The faux outrage over the Wikileaks revelations related to Pakistan’s closeness to the Taliban should be dismissed as propaganda (a point reinforced by Tariq Ali in the Guardian yesterday).
Here’s founder Julian Assange’s modus operandi:
We have clearly stated motives, but they are not antiwar motives. We are not pacifists. We are transparency activists who understand that transparent government tends to produce just government. And that is our sort of modus operandi behind our whole organization, is to get out suppressed information into the public, where the press and the public and our nation’s politics can work on it to produce better outcomes.
The most concerning part of this week’s Wikileaks was the American media’s reluctance to expose the full extent of the revelations:
The possibility that the leaked documents might lead to more discussion of civilian casualties was frequently raised as a concern in U.S. media. The Washington Post editorial tried to minimize the documents’ revelations on this issue: “The British newspaper in turn highlights what it says are 144 reported incidents in which Afghan civilians were killed or wounded by coalition forces. But the 195 deaths it counts in those episodes, though regrettable, do not constitute a shocking total for a four-year period.” That point of view was echoed on CBS Evening News by correspondent Lara Logan:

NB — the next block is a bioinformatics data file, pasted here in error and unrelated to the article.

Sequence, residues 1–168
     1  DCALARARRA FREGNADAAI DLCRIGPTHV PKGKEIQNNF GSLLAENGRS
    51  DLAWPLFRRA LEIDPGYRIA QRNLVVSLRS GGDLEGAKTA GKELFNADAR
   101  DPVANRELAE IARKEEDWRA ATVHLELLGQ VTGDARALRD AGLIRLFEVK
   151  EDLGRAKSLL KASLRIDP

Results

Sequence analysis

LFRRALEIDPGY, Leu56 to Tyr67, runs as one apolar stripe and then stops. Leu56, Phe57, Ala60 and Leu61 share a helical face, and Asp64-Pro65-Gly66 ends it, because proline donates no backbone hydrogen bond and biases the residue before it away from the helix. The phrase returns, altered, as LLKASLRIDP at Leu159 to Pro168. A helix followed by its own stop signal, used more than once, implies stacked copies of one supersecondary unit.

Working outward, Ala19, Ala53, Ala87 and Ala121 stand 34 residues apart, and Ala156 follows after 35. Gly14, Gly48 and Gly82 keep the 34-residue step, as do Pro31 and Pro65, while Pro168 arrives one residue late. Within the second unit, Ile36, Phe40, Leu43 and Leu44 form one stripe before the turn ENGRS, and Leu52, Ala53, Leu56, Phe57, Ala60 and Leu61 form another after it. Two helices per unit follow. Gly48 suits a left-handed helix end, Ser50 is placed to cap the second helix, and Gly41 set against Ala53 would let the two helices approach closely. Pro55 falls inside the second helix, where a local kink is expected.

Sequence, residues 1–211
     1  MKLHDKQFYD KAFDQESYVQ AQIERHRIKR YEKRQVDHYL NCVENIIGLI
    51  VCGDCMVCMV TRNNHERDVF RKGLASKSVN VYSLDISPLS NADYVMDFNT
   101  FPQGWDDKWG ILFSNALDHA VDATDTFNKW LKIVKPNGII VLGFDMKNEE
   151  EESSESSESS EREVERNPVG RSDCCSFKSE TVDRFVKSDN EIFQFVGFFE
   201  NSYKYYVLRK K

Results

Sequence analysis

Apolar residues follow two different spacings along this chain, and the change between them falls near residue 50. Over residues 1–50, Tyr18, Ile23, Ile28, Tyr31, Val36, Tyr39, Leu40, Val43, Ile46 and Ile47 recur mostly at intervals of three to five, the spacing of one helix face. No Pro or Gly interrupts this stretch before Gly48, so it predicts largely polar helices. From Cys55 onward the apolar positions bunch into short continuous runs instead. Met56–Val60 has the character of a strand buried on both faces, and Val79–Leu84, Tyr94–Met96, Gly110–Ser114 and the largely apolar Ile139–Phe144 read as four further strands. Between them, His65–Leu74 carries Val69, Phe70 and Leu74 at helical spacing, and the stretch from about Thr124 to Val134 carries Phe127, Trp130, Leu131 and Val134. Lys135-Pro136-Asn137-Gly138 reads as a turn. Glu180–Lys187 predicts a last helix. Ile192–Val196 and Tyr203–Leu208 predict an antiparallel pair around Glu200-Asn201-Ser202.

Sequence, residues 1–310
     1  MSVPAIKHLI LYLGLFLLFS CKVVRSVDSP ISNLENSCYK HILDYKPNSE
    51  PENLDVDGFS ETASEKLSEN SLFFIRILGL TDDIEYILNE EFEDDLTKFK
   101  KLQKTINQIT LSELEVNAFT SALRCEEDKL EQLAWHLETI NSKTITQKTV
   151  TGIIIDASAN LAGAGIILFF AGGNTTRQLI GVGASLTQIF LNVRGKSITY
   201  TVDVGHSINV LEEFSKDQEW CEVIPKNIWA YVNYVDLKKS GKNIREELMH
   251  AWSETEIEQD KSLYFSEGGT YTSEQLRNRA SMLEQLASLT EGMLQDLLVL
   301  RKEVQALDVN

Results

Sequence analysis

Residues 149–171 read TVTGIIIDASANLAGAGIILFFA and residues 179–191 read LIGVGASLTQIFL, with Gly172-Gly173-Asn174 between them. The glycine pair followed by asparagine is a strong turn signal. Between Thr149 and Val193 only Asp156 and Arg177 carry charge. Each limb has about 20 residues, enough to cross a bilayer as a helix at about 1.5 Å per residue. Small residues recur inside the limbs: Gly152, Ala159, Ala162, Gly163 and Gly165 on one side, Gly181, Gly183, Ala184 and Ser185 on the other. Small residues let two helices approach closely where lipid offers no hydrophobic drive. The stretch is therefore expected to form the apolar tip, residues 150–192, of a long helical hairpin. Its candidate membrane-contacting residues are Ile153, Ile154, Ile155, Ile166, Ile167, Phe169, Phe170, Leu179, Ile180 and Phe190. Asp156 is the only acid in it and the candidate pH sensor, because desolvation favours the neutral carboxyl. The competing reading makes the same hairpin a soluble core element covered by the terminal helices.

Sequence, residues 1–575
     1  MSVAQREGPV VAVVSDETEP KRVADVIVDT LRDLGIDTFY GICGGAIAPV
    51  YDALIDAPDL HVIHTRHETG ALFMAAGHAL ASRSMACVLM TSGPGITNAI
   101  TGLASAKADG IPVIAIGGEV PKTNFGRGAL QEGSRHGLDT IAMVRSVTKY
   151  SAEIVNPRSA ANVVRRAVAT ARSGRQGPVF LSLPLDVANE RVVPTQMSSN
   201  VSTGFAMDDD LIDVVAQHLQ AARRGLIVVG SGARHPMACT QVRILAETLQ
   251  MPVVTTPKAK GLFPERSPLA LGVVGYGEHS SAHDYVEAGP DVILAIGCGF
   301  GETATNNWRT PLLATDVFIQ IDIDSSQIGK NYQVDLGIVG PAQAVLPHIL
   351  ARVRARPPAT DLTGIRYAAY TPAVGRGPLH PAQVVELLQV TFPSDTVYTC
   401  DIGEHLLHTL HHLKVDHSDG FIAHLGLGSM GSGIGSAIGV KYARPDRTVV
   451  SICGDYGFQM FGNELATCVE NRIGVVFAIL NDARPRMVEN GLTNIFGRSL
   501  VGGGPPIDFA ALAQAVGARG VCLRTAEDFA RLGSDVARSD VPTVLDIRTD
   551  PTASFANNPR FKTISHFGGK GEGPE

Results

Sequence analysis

“Well, the issue of civilian casualties is a major one. And the U.S. has taken a lot of criticism because of this. However, what’s interesting to note is that according to the documents, 195 Afghan civilians have been killed. But also according to the documents, 2,000 Afghan civilians have been killed by the Taliban, which is more than 10 times the number said to be killed by U.S. and NATO forces. And very little is being made of that. If the coverage would indicate that it’s more of an issue for the U.S. to kill Afghan civilians than it is for the Taliban to do so.”
The suggestion that this tally of 195 Afghan civilian deaths is comprehensive is absurd on its face, given that the WikiLeaksGuardian noted, that number “is likely to be an underestimate as many disputed incidents are omitted from the daily snapshots reported by troops on the ground and then collated, sometimes erratically, by military intelligence analysts.” Estimates of civilian casualties vary, but several thousand noncombatant Afghans were killed by U.S. and coalition forces during these years of the war. As for Logan’s point about who bears more responsibility for civilian killings, there have been various attempts to make such determinations. In 2008, for instance, U.N. monitors counted over 2,000 civilian casualties; when responsibility could be determined, 41 percent of the deaths were attributed to U.S./NATO forces.